What I’ve been thinking about this week: how grateful I am to still be able to run – in any form. As I’m typing this it’s snowing a wet, rainy snow, and I’m still thinking: “at least I can still get out for a jog”.
I read something that resonated with me. So often we are training for a race with specific elements which need to be crammed in so we can get as fast as we can in the time we have. We rarely really give enough time to each phase or element of training that we should, as we aren’t trying to become the best well-rounded runners for the long-term – we’re trying to maximize our efforts for one specific distance on one specific day. We’re counting mileage, measuring paces, getting our speed, hills and threshold runs in – skimming as much as we can from everything. Basically what this is like is “studying for the test”. All we want is the result at the end of the race/test.
Studies have been done that show that kids who study for a specific test outcome often don’t receive the same deep learning as kids who spend more time experimenting with different approaches and making more mistakes in divergent areas. Kids who study for the test will likely get better test results on the day, but months and years down the road, they haven’t retained as much and aren’t able to use the knowledge they’d learned in the same way. Kids who learn by trying different things, making mistakes and figuring things out on their own, even going on tangents unrelated to the testable material, don’t ace the test. But kids who learn this way acquire a greater grasp of the subjects and more useful, transferable knowledge years down the road. (ref: Range by David Epstein)
Many teachers tend to teach to the test and many coaches tend to coach for the race. We are all judged based on our latest results. As a parent, despite all the research we know, it is still hard to say, I’m fine with my kid getting C’s on their test – I trust that their teacher has the long game in mind. And as athletes it’s hard to say I’m fine with this season of mediocre results or even looking like I’m going backwards because I know there’s a bigger picture I’m working towards a couple of years down the road. We only see things directly in front of us.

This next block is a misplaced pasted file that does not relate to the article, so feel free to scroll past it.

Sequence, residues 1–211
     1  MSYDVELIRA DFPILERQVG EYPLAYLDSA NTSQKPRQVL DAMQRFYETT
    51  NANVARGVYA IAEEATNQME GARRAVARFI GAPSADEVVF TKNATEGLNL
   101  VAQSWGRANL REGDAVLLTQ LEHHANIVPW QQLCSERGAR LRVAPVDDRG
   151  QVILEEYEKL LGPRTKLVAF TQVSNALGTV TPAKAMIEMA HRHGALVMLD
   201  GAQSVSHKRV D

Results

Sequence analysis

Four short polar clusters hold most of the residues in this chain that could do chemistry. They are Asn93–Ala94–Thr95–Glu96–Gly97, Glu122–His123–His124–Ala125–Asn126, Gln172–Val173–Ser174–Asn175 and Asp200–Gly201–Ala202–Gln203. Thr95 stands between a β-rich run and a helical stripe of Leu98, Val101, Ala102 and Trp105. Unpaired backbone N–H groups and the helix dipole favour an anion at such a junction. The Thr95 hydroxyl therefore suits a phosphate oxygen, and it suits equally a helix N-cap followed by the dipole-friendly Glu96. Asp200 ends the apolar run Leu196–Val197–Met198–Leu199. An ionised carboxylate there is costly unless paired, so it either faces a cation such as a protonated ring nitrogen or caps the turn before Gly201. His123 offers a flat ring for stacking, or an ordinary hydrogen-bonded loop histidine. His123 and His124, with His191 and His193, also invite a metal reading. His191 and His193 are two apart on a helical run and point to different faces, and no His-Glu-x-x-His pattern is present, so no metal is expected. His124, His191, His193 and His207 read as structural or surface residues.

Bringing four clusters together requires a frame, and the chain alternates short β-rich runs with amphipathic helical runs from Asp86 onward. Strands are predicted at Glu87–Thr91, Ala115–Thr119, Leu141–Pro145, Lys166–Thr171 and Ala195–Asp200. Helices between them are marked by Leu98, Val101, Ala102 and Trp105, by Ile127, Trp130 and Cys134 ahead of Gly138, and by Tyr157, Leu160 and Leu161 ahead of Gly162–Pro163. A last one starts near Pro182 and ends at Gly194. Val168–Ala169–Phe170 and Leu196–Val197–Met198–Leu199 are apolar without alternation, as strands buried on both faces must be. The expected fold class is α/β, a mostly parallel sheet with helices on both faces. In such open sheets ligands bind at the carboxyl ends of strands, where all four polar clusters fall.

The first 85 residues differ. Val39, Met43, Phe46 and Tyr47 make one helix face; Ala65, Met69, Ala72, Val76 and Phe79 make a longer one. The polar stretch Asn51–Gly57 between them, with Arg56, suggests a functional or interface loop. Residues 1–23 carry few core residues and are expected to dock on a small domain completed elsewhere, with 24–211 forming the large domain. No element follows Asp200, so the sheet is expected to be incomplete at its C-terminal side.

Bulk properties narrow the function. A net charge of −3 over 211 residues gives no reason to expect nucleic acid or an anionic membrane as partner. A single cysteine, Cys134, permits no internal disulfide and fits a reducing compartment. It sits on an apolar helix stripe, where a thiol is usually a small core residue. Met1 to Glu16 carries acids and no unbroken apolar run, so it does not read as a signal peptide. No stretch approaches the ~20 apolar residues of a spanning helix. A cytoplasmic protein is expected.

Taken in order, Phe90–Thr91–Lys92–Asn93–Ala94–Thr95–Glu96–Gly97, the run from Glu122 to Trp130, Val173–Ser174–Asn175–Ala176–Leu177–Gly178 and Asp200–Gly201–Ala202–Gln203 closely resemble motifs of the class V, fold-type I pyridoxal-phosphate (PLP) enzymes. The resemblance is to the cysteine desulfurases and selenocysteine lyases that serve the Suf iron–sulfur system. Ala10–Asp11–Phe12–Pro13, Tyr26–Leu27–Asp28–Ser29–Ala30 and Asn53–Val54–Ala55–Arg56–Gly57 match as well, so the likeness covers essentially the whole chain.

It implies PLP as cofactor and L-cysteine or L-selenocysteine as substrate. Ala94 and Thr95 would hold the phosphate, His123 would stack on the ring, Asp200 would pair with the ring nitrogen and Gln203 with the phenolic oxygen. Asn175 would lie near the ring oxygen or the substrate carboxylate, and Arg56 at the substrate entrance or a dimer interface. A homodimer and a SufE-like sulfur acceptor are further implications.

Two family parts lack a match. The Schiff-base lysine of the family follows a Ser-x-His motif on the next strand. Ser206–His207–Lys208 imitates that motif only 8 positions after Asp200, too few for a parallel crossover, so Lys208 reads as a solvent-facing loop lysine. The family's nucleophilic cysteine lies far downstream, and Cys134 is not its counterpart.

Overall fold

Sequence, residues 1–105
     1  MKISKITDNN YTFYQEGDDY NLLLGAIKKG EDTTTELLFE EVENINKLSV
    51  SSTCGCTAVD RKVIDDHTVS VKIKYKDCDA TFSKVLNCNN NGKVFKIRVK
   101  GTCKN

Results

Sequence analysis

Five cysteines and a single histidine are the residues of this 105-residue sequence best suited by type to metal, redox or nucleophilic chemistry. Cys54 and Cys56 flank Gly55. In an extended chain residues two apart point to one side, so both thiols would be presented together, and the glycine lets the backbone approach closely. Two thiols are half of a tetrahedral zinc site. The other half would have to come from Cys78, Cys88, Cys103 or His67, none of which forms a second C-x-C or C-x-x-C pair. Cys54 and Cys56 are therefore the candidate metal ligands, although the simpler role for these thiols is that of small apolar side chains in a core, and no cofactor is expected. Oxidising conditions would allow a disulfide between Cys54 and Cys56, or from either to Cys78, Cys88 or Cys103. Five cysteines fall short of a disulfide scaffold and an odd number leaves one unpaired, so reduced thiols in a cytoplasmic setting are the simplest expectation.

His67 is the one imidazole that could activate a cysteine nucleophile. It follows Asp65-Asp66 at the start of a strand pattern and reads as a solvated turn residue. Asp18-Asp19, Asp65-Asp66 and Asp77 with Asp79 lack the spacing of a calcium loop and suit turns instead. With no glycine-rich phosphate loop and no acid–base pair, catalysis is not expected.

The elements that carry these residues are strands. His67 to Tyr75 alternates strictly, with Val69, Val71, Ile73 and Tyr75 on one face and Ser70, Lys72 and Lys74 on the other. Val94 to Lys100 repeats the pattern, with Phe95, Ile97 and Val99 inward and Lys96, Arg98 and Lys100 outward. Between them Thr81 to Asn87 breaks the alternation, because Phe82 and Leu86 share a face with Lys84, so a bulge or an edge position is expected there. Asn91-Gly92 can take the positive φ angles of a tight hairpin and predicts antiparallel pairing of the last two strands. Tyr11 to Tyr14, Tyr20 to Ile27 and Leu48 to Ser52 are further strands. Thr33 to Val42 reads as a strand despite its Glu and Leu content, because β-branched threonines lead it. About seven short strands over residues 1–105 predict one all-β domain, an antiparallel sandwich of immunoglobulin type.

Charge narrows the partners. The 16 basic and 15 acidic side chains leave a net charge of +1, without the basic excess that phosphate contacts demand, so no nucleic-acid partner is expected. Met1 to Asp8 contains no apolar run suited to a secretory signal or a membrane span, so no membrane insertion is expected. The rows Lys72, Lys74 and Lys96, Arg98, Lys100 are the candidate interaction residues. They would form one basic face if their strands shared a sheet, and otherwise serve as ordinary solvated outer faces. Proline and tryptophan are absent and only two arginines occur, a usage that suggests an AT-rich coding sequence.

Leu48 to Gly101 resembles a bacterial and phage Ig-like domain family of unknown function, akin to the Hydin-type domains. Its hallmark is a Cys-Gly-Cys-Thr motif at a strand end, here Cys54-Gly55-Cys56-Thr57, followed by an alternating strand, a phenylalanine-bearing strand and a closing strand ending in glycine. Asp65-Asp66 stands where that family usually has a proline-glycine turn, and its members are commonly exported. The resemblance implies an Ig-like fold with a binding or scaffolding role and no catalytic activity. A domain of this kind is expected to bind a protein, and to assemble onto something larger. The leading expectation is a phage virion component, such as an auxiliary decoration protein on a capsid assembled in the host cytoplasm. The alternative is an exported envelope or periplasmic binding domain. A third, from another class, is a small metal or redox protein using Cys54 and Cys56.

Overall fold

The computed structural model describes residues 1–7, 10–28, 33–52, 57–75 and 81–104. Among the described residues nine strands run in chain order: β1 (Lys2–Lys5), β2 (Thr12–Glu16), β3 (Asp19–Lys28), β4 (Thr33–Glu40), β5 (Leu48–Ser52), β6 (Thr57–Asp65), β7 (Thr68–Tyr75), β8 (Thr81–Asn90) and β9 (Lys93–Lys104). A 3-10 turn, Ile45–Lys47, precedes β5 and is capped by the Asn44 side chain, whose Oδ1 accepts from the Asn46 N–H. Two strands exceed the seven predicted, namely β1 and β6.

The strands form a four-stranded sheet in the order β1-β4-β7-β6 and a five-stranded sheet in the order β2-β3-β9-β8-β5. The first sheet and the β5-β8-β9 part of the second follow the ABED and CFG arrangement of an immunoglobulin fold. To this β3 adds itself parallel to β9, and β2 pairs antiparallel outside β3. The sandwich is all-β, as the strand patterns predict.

But now we don’t have a test to study for – a race to train for. So we can take this opportunity to do away with grading and measuring ourselves. Let’s run in a way that we can learn something different. Maybe this is an opportunity to go back to full on base mileage mode with no speed. Maybe you can experiment running more slowly through technical trails (something that will help you to become a more well rounded runner, but probably not a faster marathoner in 12 weeks). Maybe you can actually take some time off to heal something you’ve been running through for too long. Or, how would you feel if you only did shorter runs – 30 minutes or less – but added some good quality strides every or every other time? (how most elite athletes who started running in high school initially developed). What if you took the time to really focus on strength with hills and stairs and core work and squats and lunges at the expense of mileage? Or what if you just set out every day with no plan at all – and learn to listen to your body as to how fast and far it wants to go each day? You might be surprised when you set out for an easy run and find your body wants to push it a bit – go for it when you want to! Or turn your run into a walk if that feels better one day.
That’s my headspace right now. If you like having one structured workout a week, here are some options for this week so you don’t have to make it up on the fly:
- 6-8 x 3 min hard, 1:30 easy
- Hills – any mix of long and short
- Riverdale Hills – to work on that important but oft neglected pure power
- Classic old-school fartlek: during your run pick a landmark in the distance and run hard to that. Jog until you feel recovered. Repeat however many times feels right.
Thanks guys – keep going – you’re doing awesome!